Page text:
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  • Permanent Secretary in the Ministry of Health, Dr. Kevin Harvey, says the Ministry continues to promote responsible sexual behaviour in an effort to reduce the rate of unplanned pregnancies among young adolescent girls.
  • Dr. Harvey was speaking at a ceremony held on Monday (July 20), at the Cross Road offices of the National Family Planning Board (NFPB), where three million condoms, donated by the United States (US)-based AIDS Healthcare Foundation (AHF) were handed over to the NFPB.
  • The board’s Executive Director, Dr. Denise Chevannes, said that the adverse sexual reproductive health profile in Jamaica shows adolescent pregnancies as being “extremely high”.

Permanent Secretary in the Ministry of Health, Dr. Kevin Harvey, says the Ministry continues to promote responsible sexual behaviour in an effort to reduce the rate of unplanned pregnancies among young adolescent girls.

“Unwanted pregnancy is still a major challenge for us as a developing country. We still have a significant amount of unplanned pregnancies, which are resulting in terminated pregnancies and in fact, unsafe terminations,” he noted.

Dr. Harvey was speaking at a ceremony held on Monday (July 20), at the Cross Road offices of the National Family Planning Board (NFPB), where three million condoms, donated by the United States (US)-based AIDS Healthcare Foundation (AHF) were handed over to the NFPB.

The board’s Executive Director, Dr. Denise Chevannes, said that the adverse sexual reproductive health profile in Jamaica shows adolescent pregnancies as being “extremely high”.

“Eighteen per cent of adolescent girls aged 10 to 19 have had an unplanned pregnancy. Many of those unplanned pregnancies end up in an unsafe abortion. We have a significant problem, not only in relation to HIV…but we also have a challenge as it relates to sexual reproductive health. So the condoms are going to be an essential tool in our arsenal of prevention efforts,” she pointed out.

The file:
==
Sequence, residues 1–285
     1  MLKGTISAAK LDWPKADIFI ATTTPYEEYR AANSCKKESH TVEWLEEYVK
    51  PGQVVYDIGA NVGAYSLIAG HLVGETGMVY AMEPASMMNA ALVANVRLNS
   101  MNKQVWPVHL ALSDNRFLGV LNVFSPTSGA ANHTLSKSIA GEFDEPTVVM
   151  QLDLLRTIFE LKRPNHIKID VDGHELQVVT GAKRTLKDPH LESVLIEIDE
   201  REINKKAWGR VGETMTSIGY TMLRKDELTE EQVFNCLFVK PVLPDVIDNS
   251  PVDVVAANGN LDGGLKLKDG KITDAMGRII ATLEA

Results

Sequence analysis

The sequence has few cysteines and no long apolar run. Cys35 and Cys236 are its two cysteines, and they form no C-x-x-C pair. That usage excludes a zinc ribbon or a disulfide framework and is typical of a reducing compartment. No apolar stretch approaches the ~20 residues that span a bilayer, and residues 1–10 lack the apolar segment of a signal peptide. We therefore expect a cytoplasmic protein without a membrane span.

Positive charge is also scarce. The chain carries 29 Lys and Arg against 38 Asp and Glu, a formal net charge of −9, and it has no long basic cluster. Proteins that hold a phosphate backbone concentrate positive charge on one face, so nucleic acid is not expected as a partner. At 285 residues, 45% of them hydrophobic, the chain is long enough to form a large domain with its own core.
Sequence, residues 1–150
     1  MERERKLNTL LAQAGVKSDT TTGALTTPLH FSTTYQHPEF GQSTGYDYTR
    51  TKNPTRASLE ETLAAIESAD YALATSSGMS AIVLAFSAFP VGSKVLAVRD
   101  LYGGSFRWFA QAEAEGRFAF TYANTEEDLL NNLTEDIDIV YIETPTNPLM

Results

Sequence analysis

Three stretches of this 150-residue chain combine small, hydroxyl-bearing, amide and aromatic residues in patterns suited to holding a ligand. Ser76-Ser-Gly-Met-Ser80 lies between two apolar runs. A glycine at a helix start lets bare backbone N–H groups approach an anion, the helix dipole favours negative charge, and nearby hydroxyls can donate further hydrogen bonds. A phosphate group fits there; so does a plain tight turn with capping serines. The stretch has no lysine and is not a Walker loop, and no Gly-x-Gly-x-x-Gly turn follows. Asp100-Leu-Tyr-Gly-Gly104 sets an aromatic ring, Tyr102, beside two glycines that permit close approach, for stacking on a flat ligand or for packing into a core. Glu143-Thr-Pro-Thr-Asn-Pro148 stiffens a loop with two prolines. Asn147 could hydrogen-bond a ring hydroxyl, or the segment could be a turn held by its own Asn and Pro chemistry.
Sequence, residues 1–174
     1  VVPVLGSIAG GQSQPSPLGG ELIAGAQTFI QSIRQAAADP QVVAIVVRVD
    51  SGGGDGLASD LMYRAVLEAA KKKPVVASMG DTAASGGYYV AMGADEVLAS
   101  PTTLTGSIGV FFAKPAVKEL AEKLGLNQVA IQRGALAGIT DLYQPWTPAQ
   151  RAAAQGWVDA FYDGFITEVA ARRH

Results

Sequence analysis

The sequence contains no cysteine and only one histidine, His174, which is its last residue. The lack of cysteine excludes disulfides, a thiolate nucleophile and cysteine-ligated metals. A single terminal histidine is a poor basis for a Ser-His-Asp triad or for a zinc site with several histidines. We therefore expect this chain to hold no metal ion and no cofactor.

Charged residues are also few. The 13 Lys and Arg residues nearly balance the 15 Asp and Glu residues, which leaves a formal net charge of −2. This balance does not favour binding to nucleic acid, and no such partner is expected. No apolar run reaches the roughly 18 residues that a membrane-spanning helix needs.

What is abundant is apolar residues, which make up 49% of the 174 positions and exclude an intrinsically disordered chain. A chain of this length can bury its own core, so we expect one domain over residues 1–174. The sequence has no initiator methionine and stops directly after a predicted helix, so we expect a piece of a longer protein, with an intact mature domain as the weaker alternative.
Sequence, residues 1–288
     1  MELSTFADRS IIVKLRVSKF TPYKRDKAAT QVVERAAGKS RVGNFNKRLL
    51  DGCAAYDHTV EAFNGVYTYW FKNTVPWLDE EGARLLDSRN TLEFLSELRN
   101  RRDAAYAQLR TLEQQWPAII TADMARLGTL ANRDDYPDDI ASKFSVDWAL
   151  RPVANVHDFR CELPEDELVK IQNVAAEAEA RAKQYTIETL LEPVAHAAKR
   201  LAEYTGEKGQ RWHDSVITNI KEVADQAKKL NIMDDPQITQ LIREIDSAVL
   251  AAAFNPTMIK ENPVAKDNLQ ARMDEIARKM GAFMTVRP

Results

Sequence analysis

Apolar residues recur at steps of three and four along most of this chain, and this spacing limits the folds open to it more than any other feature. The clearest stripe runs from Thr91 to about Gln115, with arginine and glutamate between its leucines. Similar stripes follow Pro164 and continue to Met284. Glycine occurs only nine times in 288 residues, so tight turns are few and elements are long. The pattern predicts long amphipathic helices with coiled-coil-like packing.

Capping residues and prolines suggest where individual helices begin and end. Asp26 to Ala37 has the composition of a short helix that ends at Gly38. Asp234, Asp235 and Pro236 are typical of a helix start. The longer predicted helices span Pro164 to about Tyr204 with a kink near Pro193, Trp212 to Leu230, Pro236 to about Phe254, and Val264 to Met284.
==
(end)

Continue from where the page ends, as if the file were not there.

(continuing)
She said the board encourages “dual method use” in order to lessen the chances of unplanned pregnancy.

“We encourage the use of a condom along with another reproductive method whether it be IUD (intrauterine device) or implant. Whatever the reproductive health method is, we advocate using a condom in addition to that method because that will protect against unplanned pregnancies,” she noted.

The use of the condoms will also protect against sexually transmitted infections, including HIV.

The ‘Love Condoms,’ donated to the NFPB, are to be distributed among vulnerable groups through collaboration with the Regional Health Authorities as well as civil society groups.

Dr. Chevannes said that the NFPB teams will go to “hotspots” across the island to distribute the condoms among the key populations.

“These are groups that we work with, primarily persons who typically have a higher HIV-prevalence than the general population such as sex workers, gay and transgender persons, men who have sex with men, and we are also thinking about vulnerable populations such as adolescents,” she informed.

Bureau Chief for the Southern Region of the AHF, Michael Kahane, commended the work of the NFPB. He said the board has been “doing good work” in reaching out to and educating vulnerable groups about safe sexual practices.

“It is an honour to collaborate with the Jamaican health delivery system … and we look forward to future collaborations,” he said.